"There are no stupid questions, but there are a lot of inquisitive idiots."
User currently offlineQantas744ER From United States of America, joined Jun 2005, 1286 posts, RR: 4
Reply 13, posted (8 years 5 months 3 weeks 4 days 17 hours ago) and read 5507 times:

Sry but your wrong if it comes to thrust the RR Trent 895 with 95,000 pounds of thrust is currently the most powerfull engine for the boeing 777-200ER the 95 is currently only in service with BA so they have the highest MTOW for the 777-200ER.


Cheers Leo



Happiness is V1 in Lagos
User currently offlineSlovacek747 From , joined Dec 1969, posts, RR:
Reply 14, posted (8 years 5 months 3 weeks 4 days 17 hours ago) and read 5493 times:

Thanks for correcting me Qantas744ER... I've never known for RR to have the 95K thrust engine... Why is BA the only company to operate it and are they happy with its performance?

Slovacek747


User currently offline777236ER From , joined Dec 1969, posts, RR:
Reply 15, posted (8 years 5 months 3 weeks 4 days 17 hours ago) and read 5483 times:

Quoting Qantas744ER (Reply 13):
Sry but your wrong if it comes to thrust the RR Trent 895 with 95,000 pounds of thrust

The Trent 895 has 93400lb of static thrust. The GE90-94B has 93700lb of static thrust.


User currently offlineQantas744ER From United States of America, joined Jun 2005, 1286 posts, RR: 4
Reply 16, posted (8 years 5 months 3 weeks 4 days 15 hours ago) and read 5459 times:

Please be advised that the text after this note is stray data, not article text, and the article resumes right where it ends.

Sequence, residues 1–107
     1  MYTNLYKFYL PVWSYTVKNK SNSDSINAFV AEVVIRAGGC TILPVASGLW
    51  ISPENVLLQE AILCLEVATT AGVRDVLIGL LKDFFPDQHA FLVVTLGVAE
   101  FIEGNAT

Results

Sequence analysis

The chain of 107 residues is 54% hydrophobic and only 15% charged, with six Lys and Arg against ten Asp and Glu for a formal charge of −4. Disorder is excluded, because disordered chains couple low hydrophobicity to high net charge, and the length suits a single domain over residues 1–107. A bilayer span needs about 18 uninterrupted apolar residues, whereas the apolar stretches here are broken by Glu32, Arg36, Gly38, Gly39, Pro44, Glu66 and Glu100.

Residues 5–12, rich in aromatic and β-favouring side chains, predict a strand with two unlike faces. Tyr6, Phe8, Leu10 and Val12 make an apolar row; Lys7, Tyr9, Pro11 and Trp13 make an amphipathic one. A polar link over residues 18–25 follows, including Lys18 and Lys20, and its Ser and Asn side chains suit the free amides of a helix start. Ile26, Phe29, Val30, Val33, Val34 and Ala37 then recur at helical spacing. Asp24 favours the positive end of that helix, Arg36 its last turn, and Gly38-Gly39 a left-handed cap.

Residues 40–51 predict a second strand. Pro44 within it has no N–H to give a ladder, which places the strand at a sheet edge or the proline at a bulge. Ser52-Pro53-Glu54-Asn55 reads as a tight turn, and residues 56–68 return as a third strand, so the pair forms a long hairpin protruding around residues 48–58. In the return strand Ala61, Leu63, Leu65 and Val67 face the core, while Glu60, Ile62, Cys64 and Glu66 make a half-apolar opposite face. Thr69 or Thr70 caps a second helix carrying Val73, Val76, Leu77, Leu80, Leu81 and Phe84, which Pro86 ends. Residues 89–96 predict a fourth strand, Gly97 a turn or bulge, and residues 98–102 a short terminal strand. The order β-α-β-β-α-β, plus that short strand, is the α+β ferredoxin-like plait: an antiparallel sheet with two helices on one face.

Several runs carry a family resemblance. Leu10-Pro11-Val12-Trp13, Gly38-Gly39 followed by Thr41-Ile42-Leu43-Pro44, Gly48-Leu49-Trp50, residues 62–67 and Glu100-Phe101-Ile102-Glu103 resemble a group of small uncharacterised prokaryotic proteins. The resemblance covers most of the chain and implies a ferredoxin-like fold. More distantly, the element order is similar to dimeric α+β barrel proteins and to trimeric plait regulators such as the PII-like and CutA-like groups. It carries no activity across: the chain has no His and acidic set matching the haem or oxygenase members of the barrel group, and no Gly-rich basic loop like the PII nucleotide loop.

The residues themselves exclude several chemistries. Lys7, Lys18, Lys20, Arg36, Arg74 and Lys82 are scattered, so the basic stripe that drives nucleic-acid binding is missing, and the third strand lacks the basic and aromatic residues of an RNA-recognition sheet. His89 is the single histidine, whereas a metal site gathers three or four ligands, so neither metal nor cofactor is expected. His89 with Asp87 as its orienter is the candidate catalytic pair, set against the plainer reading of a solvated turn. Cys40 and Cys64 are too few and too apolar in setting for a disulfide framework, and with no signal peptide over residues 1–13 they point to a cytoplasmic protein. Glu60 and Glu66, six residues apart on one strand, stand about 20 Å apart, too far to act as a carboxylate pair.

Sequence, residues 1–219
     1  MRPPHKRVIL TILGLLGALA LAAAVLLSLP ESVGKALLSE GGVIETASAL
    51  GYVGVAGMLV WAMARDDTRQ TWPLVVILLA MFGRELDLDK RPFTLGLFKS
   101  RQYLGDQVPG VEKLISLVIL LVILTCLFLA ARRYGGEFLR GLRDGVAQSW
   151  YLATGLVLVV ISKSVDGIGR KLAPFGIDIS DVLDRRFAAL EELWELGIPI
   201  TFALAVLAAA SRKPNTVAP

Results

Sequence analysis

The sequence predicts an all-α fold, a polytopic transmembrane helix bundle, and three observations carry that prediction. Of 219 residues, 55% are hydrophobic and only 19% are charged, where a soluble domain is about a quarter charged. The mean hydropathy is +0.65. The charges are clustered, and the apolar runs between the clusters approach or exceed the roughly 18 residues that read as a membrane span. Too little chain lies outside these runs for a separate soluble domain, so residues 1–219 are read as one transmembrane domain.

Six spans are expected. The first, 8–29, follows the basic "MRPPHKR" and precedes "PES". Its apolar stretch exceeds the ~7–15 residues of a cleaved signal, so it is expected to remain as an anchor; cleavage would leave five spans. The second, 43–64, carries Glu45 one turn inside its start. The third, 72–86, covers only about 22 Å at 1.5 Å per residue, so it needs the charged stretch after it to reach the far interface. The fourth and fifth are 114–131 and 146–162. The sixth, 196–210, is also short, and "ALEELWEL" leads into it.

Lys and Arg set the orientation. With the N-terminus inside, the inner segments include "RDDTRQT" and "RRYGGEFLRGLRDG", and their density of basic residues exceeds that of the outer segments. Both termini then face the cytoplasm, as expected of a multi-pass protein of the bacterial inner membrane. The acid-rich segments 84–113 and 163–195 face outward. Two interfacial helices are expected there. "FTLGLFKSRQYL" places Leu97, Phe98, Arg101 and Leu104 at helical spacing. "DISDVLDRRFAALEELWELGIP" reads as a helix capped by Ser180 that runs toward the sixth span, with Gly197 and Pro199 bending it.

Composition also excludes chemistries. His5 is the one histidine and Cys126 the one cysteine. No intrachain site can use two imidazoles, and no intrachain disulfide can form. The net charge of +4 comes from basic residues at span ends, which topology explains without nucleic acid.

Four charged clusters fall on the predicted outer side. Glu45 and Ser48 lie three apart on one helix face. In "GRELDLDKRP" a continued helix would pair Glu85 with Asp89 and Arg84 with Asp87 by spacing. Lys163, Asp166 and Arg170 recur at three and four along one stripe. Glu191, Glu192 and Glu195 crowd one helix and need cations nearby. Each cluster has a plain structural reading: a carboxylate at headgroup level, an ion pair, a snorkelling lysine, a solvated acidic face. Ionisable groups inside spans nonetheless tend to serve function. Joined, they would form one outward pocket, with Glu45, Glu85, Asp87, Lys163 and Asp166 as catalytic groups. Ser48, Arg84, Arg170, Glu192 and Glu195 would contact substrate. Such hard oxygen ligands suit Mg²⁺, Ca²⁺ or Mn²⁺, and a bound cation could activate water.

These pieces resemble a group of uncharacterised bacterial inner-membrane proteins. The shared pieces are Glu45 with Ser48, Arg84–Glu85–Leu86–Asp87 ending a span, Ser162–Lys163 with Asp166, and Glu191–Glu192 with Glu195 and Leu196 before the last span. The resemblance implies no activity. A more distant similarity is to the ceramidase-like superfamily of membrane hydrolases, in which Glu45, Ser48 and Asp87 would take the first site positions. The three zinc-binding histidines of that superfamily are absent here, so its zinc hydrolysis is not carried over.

Call me an idiot but here it states the 895 has 95,000
http://www.rolls-royce.com/civil_aer...ts/airlines/trent800/technical.jsp

Cheers Leo



Happiness is V1 in Lagos
User currently offlineDfwRevolution From United States of America, joined Jan 2010, 960 posts, RR: 51
Reply 17, posted (8 years 5 months 3 weeks 4 days 15 hours ago) and read 5451 times:

Quoting Gigneil (Reply 10):
What I don't understand is why the 656,000 pound MTOW is not an option on PW4090 powered frames... 90k pounds is more than sufficient to get the plane off the ground

I know this question has been keeping Concordeboy awake at night for months  Wink

After a whole thread on this topic (which I admit I could not find), perhaps it's just a simple matter that no one has asked for the option?

Quoting Qantas744ER (Reply 13):
Sry but your wrong if it comes to thrust the RR Trent 895 with 95,000 pounds of thrust is currently the most powerfull engine for the boeing 777-200ER

777236ER is correct, the inaptly named Trent 895 is not the most powerful 772ER power option. However, it is significantly lighter than the marginally more powerful Ge90-94B.


User currently offlineAirPortugal310 From Palau, joined Apr 2004, 3575 posts, RR: 2
Reply 18, posted (8 years 5 months 3 weeks 4 days 14 hours ago) and read 5432 times:

Trent 895 2000 95,000lb
423kN Boeing 777-200
(656,000lb)
Boeing 777-300
(660,000lb) 305

368 7700

5750


That is directly from Rolls Royce site as provided by Leo (Qantas744ER)

Why everyone is on here trying to tell him hes wrong is beyond me.



I sell airplanes and airplane accessories
User currently offlineContinentalFan From United States of America, joined Oct 2000, 356 posts, RR: 0
Reply 19, posted (8 years 5 months 3 weeks 3 days 19 hours ago) and read 5291 times:

Quoting Gigneil (Reply 10):
The PW4098's fuel burn was so bad that it would have severely eaten into the range of the plane, and there was no way UA could profitably operate them.

I thought only KE ordered the 4098? I coulda sworn that UA had lower rated PW4000s.